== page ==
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Mayor Bloomberg and the president of Brooklyn, Marty Markowitz, are expected in Red Hook Brooklyn this morning to cut the ribbon at the opening of the long-awaited Fairway supermarket there, and let us join them in welcoming a wonderful development. Like the new Apple Store at the G.M. Building and the Shake Shack in Madison Square Park, the new Fairway is an example of the way private enterprise and an openness to change keeps New York a vital and dynamic city.
A news story in our columns last week quoted some skeptical Brooklynites, adherents of the Park Slope food co-op or Fresh Direct, as Fairway skeptics. Having endured the crowded aisles of the chain’s Upper West Side location, let us say that we started out as skeptics, too. But pushing a cart through the aisles of the Fairway on Friday, we were bowled over by the selection, the space, the size, and the spectacular waterfront views. It’s not an exaggeration to say that this store makes the Whole Foods in Union Square look like a corner grocery.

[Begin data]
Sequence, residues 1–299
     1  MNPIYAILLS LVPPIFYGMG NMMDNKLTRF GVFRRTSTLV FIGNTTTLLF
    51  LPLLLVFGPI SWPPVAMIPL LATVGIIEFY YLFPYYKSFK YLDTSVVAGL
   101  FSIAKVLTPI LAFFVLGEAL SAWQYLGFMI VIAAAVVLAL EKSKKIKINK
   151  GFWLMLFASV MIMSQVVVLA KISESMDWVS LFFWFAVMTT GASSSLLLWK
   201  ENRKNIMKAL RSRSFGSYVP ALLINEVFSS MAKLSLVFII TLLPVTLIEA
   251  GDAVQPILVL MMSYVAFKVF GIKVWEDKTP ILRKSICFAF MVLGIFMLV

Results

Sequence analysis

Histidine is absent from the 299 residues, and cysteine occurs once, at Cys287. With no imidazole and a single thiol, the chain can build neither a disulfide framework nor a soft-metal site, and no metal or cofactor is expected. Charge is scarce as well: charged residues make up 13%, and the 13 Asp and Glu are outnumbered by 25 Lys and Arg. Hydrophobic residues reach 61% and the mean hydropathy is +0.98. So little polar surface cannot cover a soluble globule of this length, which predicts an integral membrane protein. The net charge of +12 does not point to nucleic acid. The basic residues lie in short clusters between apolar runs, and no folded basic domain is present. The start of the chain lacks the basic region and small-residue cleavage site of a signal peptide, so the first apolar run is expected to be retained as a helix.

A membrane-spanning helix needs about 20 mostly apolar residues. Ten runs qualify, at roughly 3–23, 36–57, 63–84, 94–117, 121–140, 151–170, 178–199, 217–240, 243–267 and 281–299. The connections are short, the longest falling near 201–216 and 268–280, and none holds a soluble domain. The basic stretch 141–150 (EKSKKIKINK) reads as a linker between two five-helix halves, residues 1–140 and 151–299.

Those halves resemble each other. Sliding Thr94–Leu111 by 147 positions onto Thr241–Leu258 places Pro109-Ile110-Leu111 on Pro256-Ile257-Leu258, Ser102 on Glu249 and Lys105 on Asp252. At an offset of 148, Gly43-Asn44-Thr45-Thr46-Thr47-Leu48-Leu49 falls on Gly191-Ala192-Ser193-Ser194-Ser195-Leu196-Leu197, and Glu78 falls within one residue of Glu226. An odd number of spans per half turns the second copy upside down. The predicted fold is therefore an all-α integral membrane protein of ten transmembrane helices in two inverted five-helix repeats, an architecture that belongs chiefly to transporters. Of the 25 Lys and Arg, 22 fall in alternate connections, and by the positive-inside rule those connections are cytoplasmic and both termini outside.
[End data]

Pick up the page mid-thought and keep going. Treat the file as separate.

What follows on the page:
The gentrification of Brooklyn is one of the great economic success stories of the Bloomberg and Giuliani years. It is the product, though, not only of good government but of thousands of homeowners and entrepreneurs and families putting private capital at risk. Fairway’s co-owner, Howard Glickberg, is reportedly the grandson of Fairway’s original Manhattan founder, and in opening this store he and his partners surmounted an extortion attempt that put a City Council member, Angel Rodriguez, in prison. On Friday, the customers included city firemen, Orthodox Jews drawn to the selection of kosher and Israeli products, and Brooklyn families of all colors. Now Red Hook will be known not only for its housing projects but for a supermarket that sets a new standard for the city.